Dual agarolytic pathways in a marine bacterium, Vibrio sp. strain EJY3: Molecular and enzymatic verification

Sora Yu, Eun Ju Yun, Dong Hyun Kim, So Young Park, Kyoung Heon Kim

Research output: Contribution to journalArticlepeer-review

2 Citations (Scopus)

Abstract

Vibrio sp. strain EJY3 is an agarolytic marine bacterium that catabolizes 3,6-anhydro-L-galactose (AHG), a monomeric sugar unit of agarose. While the AHG catabolic pathway in EJY3 has been discovered recently, the complete agarolytic system of EJY3 remains unclear. We have identified five enzymes, namely, the β-agarases VejGH50A, VejGH50B, VejGH50C, and VejGH50D and the α-neoagarooligosaccharide (NAOS) hydrolase VejGH117, involved in the agarolytic system of EJY3. Based on the characterization of recombinant enzymes and intracellular metabolite analysis, we found that EJY3 catabolizes agarose via two different agarolytic pathways. Among the four β-agarases of EJY3, VejGH50A, VejGH50B, and VejGH50C were found to be extracellular agarases, producing mainly neoagarotetraose (NeoDP4) and neoagarobiose. By detecting intracellular NeoDP4 in EJY3 grown on agarose, NeoDP4 was observed being taken up by cells. Intriguingly, intracellular NeoDP4 acted as a branching point for the two different downstream agarolytic pathways. First, via the well-known agarolytic pathway, NeoDP4 was depolymerized into monomeric sugars by the exo-type β-agarase VejGH50D and the α-NAOS hydrolase VejGH117. Second, via the newly found alternative agarolytic pathway, NeoDP4 was depolymerized into AHG and agarotriose (AgaDP3) by VejGH117, and AgaDP3 then was completely depolymerized into monomeric sugars by sequential reactions of the agarolytic β-galactosidases (ABG) VejABG and VejGH117. Therefore, by experimentally verifying agarolytic enzymatic activity and transport of NeoDP4 into EJY3 cells, we revealed that EJY3 possesses both the known pathway and the newly discovered alternative pathway that involves α-NAOS hydrolase and ABG. IMPORTANCE Agarose is the main polysaccharide of red macroalgae and is composed of galactose and 3,6-anhydro-L-galactose. Many marine bacteria possess enzymes capable of depolymerizing agarose into oligomers and then depolymerizing the oligomers into monomers. Here, we experimentally verified that both a wellknown agarolytic pathway and a novel agarolytic pathway exist in a marine bacterium, Vibrio sp. strain EJY3. In agarolytic pathways, agarose is depolymerized mainly into 4-sugar-unit oligomers by extracellular enzymes, which are then transported into cells. The imported oligomers are intracellularly depolymerized into galactose and 3,6-anhydro-L-galactose by two different agarolytic pathways, using different combinations of intracellular enzymes. These results elucidate the depolymerization routes of red macroalgal biomass in the ocean by marine bacteria and provide clues for developing industrial processes for efficiently producing sugars from red macroalgae.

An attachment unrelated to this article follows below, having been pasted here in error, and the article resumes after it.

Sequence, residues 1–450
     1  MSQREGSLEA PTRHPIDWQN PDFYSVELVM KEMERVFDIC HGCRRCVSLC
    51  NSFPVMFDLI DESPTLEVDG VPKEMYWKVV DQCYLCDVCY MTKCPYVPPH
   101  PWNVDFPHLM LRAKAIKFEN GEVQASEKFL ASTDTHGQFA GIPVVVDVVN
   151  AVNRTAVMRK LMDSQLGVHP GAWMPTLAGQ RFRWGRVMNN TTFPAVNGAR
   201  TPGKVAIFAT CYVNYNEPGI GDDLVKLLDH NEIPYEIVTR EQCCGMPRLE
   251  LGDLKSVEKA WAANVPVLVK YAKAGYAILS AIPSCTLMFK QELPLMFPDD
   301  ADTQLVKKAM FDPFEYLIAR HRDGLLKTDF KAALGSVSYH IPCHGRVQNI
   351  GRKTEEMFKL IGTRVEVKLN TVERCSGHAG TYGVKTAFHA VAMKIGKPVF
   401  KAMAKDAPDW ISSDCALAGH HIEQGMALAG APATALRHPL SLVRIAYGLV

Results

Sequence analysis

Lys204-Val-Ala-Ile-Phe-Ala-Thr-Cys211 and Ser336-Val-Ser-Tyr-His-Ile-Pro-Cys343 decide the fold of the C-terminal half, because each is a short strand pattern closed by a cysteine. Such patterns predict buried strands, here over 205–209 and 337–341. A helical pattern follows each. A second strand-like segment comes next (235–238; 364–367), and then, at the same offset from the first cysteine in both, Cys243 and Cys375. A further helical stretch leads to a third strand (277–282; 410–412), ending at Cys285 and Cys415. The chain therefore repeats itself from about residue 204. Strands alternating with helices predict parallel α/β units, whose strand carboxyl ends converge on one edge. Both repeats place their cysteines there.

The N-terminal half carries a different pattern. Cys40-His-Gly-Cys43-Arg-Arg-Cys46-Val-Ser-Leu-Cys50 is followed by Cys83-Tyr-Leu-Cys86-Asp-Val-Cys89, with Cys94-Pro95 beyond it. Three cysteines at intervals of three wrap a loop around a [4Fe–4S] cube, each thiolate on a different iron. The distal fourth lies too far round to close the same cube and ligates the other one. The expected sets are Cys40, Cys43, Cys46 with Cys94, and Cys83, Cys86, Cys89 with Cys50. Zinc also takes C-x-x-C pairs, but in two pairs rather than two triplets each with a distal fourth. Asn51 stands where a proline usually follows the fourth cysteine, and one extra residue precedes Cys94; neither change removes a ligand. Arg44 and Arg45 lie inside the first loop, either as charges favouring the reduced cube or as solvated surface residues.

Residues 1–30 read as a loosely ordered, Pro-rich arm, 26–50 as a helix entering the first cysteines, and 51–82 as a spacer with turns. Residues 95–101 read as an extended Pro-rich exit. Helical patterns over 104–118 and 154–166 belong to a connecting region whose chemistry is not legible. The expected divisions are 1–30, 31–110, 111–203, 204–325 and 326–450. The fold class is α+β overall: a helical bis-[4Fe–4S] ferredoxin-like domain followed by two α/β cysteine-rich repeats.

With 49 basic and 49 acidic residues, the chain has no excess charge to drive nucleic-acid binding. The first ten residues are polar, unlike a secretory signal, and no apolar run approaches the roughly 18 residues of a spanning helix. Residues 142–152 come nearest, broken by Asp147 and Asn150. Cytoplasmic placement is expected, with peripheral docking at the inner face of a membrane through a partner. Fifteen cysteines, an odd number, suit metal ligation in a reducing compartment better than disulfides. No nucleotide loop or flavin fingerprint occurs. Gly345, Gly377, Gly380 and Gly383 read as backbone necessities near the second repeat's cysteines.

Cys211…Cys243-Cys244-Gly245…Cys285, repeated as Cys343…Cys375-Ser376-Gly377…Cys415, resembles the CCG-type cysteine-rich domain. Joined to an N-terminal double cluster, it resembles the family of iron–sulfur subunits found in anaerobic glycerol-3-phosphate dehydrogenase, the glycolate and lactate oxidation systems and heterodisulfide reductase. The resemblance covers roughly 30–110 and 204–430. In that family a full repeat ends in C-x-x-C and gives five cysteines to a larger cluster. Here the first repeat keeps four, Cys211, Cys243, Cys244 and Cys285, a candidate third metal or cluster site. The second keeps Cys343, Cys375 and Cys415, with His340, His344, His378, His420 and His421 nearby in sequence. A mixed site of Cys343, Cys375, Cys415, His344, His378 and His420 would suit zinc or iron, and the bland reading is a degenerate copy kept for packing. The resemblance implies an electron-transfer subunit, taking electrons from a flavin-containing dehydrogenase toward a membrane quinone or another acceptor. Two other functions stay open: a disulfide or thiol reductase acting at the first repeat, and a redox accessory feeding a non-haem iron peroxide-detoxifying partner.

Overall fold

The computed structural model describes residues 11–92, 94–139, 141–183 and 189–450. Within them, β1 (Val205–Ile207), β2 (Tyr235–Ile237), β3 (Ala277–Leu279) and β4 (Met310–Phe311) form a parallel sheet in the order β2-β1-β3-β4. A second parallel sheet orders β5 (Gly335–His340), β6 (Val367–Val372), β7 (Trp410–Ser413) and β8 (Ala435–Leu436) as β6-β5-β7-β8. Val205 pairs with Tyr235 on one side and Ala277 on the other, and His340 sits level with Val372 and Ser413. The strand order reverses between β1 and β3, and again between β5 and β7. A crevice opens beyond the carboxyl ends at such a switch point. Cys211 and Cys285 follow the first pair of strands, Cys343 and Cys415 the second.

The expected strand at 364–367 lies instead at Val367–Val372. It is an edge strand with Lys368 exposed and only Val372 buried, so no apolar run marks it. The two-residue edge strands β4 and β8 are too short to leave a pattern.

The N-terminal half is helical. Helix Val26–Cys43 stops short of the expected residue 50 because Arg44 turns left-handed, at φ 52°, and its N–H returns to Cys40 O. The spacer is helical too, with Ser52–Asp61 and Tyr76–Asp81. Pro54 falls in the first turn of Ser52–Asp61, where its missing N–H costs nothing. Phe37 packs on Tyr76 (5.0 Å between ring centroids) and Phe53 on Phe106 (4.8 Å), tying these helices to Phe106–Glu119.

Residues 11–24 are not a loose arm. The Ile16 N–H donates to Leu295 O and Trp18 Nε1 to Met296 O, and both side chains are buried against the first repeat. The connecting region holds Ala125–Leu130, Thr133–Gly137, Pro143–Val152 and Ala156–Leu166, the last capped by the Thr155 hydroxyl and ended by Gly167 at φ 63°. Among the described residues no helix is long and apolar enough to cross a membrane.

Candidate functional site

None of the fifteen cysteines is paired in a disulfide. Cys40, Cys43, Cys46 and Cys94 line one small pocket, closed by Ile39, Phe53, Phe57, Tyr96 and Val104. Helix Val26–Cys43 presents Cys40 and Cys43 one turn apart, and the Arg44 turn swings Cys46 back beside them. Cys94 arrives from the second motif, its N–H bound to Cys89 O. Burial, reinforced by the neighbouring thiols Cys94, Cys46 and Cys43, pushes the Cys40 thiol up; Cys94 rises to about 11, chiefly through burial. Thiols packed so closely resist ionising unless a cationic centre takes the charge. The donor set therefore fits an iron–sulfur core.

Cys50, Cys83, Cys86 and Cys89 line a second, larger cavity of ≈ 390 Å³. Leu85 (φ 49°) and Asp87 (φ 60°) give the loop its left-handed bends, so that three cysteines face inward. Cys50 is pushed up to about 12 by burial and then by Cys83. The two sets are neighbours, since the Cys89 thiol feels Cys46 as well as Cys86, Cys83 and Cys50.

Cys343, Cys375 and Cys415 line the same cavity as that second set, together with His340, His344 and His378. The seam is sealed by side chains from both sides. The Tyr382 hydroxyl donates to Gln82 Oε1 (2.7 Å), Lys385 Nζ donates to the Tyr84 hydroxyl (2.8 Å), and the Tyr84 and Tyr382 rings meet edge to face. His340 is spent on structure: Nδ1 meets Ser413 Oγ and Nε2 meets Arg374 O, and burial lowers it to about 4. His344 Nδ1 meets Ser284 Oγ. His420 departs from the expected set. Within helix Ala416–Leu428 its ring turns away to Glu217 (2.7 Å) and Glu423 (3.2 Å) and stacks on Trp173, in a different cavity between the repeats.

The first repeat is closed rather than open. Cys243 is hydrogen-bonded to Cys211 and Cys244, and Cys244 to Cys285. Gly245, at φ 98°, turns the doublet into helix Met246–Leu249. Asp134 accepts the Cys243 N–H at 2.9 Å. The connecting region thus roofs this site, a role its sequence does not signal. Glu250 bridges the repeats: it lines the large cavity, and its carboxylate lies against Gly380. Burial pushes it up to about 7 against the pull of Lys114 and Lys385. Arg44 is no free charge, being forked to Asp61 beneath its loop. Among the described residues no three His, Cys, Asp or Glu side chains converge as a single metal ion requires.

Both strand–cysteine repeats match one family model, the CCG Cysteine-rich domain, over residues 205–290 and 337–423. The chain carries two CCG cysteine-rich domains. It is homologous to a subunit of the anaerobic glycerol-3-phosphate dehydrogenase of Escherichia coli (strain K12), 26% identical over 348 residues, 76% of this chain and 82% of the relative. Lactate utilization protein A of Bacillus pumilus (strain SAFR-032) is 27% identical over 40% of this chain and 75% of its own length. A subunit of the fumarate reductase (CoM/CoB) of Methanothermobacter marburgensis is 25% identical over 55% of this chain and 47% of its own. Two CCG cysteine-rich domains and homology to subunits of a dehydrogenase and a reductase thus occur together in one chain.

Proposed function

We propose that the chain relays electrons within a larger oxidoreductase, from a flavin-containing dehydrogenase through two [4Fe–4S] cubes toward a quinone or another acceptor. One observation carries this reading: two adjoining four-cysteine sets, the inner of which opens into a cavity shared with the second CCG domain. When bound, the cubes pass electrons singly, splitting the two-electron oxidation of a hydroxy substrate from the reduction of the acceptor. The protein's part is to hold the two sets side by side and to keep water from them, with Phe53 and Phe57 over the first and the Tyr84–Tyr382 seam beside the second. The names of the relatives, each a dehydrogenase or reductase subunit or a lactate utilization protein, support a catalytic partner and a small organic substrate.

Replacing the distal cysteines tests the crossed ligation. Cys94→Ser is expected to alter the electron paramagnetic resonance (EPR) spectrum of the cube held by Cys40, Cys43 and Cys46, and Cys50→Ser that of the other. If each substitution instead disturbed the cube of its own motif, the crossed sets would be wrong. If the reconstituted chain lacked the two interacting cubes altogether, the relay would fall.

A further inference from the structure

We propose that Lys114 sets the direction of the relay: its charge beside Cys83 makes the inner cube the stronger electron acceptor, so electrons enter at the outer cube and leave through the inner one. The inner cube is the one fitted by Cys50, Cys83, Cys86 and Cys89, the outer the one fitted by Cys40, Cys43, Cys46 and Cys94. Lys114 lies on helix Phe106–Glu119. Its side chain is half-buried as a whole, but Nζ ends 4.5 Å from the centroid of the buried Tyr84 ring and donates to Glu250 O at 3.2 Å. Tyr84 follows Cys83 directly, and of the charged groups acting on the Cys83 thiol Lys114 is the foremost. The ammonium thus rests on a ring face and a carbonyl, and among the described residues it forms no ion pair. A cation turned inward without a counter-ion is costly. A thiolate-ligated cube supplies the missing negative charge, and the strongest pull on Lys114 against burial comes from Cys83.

Original languageEnglish
Article numbere02724-19
JournalApplied and environmental microbiology
Volume86
Issue number1
DOIs
Publication statusPublished - 2020 Mar 1

Keywords

  • Agarolytic pathway
  • Agarolytic β-galactosidase
  • Agarose
  • Neoagarotetraose
  • Red macroalgae
  • Vibrio sp. strain ejy3
  • α-Neoagarooligosaccharide hydrolase

ASJC Scopus subject areas

  • Biotechnology
  • Food Science
  • Applied Microbiology and Biotechnology
  • Ecology

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